A word of caution: Peoplehood will not work as a rallying cry to the Jewish public, which is post-tribal in its inclinations and commitments. Peoplehood is, rather, an organizing principle to recalibrate and synchronize the Jewish enterprise and philanthropy. It is our future blueprint.

E very once in a while, mostly when I’m feeling like the Jewish People are drifting, I reach into a basket next to my bed, pull out a small black velvet bag and take out a heavy, 200-year-old French coin. It is French. Napoleon is on one side; flip the coin over and Napoleon is there, too, this time receiving the Ten Commandments from a weakened and humbled Moses. The coin celebrates the acceptance by the Jewish people of a New World Order under the Rights of Man.

The historic choice made by the French Sanhedrin in answering Napoleon’s challenge — to define themselves as “Frenchmen of the Mosaic Faith,” rather than as part of the Jewish People — ushered in a new era for humanity and for the Jewish People. Eviscerating our national characteristics paved the way for Jewish individuals as well as for Judaism, both in law and in the public imagination, to be equal to Christians and to Christianity.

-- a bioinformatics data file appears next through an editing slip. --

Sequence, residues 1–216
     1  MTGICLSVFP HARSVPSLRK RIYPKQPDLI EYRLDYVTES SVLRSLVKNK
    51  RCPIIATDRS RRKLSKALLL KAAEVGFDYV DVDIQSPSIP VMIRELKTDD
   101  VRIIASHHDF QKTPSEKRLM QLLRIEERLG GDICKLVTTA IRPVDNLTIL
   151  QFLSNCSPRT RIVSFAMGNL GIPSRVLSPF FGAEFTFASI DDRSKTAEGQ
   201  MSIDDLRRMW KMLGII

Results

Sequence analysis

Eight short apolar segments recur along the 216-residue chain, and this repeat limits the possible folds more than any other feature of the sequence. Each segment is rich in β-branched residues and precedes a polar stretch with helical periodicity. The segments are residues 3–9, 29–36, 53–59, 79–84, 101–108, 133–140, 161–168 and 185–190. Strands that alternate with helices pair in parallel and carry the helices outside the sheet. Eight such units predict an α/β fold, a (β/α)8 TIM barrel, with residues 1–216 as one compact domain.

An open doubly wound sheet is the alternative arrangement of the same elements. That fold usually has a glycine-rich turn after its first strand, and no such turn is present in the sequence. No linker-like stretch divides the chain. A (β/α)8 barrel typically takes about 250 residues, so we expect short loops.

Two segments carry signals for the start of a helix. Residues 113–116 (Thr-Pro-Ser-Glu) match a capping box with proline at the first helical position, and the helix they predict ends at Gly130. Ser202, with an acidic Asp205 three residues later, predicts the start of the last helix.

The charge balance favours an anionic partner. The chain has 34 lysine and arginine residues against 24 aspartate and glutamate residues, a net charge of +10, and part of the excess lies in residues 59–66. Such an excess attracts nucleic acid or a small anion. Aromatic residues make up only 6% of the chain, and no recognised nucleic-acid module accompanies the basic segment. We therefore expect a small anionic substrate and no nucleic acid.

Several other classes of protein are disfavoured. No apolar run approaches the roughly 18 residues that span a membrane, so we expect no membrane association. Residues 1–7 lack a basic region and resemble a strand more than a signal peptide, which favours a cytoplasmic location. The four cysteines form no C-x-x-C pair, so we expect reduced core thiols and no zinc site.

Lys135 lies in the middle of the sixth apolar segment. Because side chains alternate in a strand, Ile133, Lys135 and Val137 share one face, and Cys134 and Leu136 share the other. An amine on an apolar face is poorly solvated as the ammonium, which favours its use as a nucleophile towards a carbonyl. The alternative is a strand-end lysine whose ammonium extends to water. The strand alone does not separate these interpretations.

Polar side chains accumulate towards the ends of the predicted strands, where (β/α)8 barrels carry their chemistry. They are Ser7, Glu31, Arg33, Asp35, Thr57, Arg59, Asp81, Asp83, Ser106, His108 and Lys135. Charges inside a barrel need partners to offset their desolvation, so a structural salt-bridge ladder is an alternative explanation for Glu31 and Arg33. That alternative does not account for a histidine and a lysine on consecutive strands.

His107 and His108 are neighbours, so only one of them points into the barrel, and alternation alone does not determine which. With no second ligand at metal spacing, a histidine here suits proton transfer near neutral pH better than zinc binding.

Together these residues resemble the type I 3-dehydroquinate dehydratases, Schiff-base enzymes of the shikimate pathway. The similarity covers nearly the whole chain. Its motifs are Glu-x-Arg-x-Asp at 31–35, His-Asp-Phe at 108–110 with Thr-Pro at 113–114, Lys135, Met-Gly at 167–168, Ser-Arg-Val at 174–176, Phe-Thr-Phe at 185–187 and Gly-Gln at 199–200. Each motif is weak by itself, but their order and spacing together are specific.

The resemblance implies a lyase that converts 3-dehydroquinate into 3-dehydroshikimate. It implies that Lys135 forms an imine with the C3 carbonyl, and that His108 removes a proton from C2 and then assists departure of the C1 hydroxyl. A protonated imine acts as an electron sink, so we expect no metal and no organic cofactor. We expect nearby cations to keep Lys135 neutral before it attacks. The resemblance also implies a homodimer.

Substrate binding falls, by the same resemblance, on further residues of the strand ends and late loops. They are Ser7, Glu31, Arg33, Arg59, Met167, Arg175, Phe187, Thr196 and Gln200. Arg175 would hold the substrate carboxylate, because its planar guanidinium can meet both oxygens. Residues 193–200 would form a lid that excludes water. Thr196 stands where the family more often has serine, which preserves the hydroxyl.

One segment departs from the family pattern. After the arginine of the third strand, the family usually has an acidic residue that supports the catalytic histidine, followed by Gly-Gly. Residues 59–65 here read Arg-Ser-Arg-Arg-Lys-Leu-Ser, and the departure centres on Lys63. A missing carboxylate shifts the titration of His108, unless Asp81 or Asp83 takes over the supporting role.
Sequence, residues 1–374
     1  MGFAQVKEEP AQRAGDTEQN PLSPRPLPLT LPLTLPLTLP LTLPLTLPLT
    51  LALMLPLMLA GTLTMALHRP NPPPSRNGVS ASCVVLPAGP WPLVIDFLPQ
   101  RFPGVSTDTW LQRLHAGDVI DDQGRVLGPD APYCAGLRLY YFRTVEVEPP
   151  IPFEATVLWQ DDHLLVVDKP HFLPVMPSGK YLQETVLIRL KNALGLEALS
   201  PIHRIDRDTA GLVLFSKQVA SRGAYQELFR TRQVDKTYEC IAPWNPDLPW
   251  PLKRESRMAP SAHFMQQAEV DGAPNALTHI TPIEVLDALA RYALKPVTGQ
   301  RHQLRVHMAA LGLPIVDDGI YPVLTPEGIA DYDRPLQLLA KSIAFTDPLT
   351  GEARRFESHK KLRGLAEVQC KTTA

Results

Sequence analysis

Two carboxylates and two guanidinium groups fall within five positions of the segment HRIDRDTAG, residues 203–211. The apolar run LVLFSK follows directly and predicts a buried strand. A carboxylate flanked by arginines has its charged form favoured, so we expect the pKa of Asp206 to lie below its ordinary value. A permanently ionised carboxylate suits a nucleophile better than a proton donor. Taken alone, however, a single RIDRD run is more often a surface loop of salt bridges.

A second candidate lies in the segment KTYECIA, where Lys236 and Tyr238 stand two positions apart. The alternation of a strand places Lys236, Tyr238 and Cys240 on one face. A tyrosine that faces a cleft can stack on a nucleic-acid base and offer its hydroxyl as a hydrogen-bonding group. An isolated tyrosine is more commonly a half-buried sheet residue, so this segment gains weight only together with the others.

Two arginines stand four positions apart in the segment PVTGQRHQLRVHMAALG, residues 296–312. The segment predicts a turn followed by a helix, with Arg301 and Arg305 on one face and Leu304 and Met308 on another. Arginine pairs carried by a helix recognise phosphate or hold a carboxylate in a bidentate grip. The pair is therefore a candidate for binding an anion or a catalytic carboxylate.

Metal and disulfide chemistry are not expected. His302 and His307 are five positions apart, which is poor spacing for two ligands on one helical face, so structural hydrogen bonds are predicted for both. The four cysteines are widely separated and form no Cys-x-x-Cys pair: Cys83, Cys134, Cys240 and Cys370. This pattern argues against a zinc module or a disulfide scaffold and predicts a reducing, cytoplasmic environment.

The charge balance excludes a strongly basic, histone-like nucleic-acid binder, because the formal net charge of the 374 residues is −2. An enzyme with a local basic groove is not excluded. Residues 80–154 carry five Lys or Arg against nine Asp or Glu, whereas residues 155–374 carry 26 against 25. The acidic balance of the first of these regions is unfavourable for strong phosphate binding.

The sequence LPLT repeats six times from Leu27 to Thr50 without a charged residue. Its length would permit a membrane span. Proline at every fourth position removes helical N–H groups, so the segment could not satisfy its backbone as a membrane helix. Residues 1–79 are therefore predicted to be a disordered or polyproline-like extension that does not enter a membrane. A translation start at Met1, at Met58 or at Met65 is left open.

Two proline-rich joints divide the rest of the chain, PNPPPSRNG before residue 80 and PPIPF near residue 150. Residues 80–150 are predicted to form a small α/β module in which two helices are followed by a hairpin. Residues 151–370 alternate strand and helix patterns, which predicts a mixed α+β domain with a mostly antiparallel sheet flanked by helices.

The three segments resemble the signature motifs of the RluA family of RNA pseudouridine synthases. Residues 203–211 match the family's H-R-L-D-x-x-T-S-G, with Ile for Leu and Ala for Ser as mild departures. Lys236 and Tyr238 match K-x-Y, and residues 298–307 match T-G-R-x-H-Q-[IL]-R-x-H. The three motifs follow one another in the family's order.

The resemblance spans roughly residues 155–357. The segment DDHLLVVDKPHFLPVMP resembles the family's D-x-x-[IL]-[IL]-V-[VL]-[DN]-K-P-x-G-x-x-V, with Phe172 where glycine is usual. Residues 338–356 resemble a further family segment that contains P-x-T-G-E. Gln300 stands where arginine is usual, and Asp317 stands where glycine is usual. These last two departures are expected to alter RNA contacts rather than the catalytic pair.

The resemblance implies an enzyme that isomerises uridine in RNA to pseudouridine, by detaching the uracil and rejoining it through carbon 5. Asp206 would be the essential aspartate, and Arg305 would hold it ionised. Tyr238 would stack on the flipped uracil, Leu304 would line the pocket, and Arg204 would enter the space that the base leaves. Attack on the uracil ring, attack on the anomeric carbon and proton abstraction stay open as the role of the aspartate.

The culture of individualism that is so quintessentially American accelerated the equality of Jews and of Judaism. The greatest public relations coup of the Twentieth Century for American Jewry was the mainstreaming of the term “Judaeo-Christian,” which meant that 2 percent of the population had not only equality with the super majority of Americans, but even top billing. This served our community’s public policy interests and assimilationist yearnings.